Life’s “One Thing”

Life’s “One Thing”

Matthew 4:12-17

Dr. Jim Denison

Have you made any New Year’s resolutions? It seems the Babylonians started the tradition 4,000 years ago, resolving to return borrowed farm equipment. I didn’t borrow any farm equipment this year, but nonetheless made a resolution I want to tell you about today. Most of you made one as well.

Why? Something in us knows that we’re not all we should be. Does anyone here believe that you’ve completely arrived? That you are doing all God intends you to do with the life he has given you? That your life has completely fulfilled its God-given purpose?

Can you define your purpose, your reason for being?

It’s imperative that we find our “one thing.” This William Barclay quote is crucial to my life: “A man will never become outstandingly good at anything unless that thing is his ruling passion. There must be something of which he can say, ‘For me to live is this.'” Do you know your “reason to live”?

What should your life purpose be this year? God’s word answers our question today.

Is God your King?

I remember my first sermon well. A Sunday night service at Calvary Baptist Church in Alvin, Texas, outside of Houston. Signs at the city limits tell you that it’s Nolan Ryan’s hometown. To my knowledge, no one has added to the signs, “And place of Jim Denison’s first sermon.” Remembering the sermon, I don’t blame them.

Jesus’ first sermon in Matthew was memorable beyond description. When we open the New Testament, these are the first public words we hear from his lips: “Repent, for the kingdom of heaven is near” (v. 17).

This is the first request he taught us to pray: “Thy kingdom come, thy will be done, on earth as it is in heaven” (Matthew 6:10).

This was the substance and essence of his preaching and teaching. 108 times in the gospels our Lord spoke of the kingdom of God.

And he promised that one day he would return to consummate this Kingdom: “When the Son of Man comes in his glory, and all the angels with him, he will sit on his throne in heavenly glory” (Matthew 25:31). Revelation promises his glorious rule: “The kingdom of the world has become the kingdom of our Lord and of his Christ, and he will reign for ever and ever” (Revelation 11:15).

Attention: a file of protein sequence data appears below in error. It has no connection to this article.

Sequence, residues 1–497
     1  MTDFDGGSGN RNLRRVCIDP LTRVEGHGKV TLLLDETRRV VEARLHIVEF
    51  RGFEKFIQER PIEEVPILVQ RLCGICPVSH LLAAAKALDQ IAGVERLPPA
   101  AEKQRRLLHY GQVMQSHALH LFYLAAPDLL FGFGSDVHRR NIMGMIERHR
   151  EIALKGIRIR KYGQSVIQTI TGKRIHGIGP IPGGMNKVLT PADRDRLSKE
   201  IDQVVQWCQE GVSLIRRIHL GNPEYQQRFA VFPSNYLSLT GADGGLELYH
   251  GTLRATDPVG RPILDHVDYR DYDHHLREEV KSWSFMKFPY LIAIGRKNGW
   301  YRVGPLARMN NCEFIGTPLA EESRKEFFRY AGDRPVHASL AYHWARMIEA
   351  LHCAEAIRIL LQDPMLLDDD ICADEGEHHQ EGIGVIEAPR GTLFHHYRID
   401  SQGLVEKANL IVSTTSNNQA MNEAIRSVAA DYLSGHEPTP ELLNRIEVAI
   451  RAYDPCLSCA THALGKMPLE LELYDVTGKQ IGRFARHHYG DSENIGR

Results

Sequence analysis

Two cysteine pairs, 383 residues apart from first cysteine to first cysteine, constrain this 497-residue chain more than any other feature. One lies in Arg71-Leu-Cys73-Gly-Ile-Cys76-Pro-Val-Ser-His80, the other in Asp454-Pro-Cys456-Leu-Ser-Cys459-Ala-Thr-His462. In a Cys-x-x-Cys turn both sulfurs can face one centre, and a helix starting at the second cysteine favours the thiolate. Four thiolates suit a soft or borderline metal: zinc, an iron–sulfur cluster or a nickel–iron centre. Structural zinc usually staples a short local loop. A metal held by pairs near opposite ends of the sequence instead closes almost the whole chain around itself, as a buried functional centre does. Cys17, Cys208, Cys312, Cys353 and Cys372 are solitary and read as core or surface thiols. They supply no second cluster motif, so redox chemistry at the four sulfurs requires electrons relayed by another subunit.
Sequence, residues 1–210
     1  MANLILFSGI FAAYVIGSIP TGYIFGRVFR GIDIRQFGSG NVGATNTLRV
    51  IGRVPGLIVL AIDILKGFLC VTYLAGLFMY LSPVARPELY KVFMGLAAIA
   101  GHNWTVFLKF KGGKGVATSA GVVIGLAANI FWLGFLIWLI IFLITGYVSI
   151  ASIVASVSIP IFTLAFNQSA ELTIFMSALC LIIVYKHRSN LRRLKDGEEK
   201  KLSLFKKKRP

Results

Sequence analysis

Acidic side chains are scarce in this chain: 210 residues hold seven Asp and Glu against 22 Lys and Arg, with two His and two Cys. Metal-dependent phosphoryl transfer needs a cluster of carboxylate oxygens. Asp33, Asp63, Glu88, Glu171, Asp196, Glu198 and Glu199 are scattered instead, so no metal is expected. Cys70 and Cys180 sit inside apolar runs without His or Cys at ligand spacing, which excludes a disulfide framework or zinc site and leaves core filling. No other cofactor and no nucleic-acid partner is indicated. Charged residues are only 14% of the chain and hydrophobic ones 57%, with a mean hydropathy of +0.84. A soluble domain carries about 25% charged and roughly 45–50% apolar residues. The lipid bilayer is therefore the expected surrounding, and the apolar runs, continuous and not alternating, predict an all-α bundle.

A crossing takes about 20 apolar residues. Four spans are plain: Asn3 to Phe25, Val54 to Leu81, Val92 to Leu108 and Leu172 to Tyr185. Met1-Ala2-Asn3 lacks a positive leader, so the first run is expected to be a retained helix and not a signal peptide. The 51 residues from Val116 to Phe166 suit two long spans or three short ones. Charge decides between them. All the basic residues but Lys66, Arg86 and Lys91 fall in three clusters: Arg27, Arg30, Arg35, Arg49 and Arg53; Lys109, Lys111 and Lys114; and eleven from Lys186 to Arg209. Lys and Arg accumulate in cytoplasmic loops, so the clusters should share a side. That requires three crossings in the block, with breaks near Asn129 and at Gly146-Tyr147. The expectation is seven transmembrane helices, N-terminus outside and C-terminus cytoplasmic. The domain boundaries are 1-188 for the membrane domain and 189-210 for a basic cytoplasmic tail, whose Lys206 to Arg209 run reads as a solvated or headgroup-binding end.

So what is this “Kingdom of God?”

Jesus gave us its simplest definition in the Model Prayer: “Thy kingdom come, thy will be done, on earth as it is in heaven” (Matthew 6:10). In other words, God’s kingdom comes wherever his will is done. Wherever he is King, wherever we serve him as our Sovereign and Master, his kingdom comes. When we do his will on earth as it is done in heaven.

The Kingdom of God defines everything that matters in our world.

The Kingdom defines God. He owns all that is, for “In the beginning God created the heavens and the earth” (Genesis 1:1). As creator, he is owner and sovereign of the universe. He can do whatever he pleases, for he is King.

The Kingdom defines us. We are subjects of this King before we are anything else. Every aspect of our lives is governed by this fact. Unlike a democracy, where the government affects us only in limited ways, a monarchy affects its subjects in every way. We are subjects of this King.

The Kingdom defines our world. This planet has fallen into rebellion against its King. Now there is the Kingdom of God and the kingdom of the world, and they are at war. You and I live in the kingdom of the world, but we live for the Kingdom of God. Our loyalty is to our King alone.

The Kingdom defines our success. Our purpose is to extend the full rule of Christ into as many lives as we can. We must be loyal subjects of our King, and lead as many people as possible to make him their King. This is how he judges and rewards us.

Building the Kingdom of God on earth was Jesus’ “one thing.” It should be ours as well.

How do you make him your King?

So, how do we make God our King? Our church teaches four priorities above all others: love God, live by his word, give to his work, and impact his world. Let’s think about each one in turn.

First, love God and he will be your King. The first and greatest commandment is that we “love the Lord our God with all our heart and soul and mind” (Matthew 22:37). Enthrone him as your King every day, as the day begins. There is room on the throne of your heart for only one person. Put him there every morning.

Say with the Psalmist, “The Lord reigns, he is robed in majesty; the Lord is robed in majesty and is armed with strength. The world is firmly established; it cannot be moved. Your throne was established long ago; you are from all eternity” (Psalm 93:1-2).

Say with Exodus 15:18: “The Lord will reign for ever and ever.”

Say with Psalm 29:10: “The Lord sits enthroned over the flood; the Lord is enthroned as King forever.”

Say with 2 Kings 19:15: “O Lord, God of Israel, enthroned between the cherubim, you alone are God over all the kingdoms of the earth.”

Say with Zechariah 14:9, “The Lord will be king over the whole earth. On that day there will be one Lord, and his name the only name” (Zechariah 14:9).

Have you made him your King today?

Second, live by his word and God will be your King.

In our text, Jesus went to Galilee (v. 13), an area known for its enormous Gentile population and backwards culture. If you and I had been Jesus, we would have settled in Jerusalem, not Galilee. But our Lord went to Galilee in obedience to God’s word. The prophet Isaiah had promised seven centuries earlier that the Messiah would come to “Galilee of the Gentiles” (Isaiah 9:1-2). And so he did.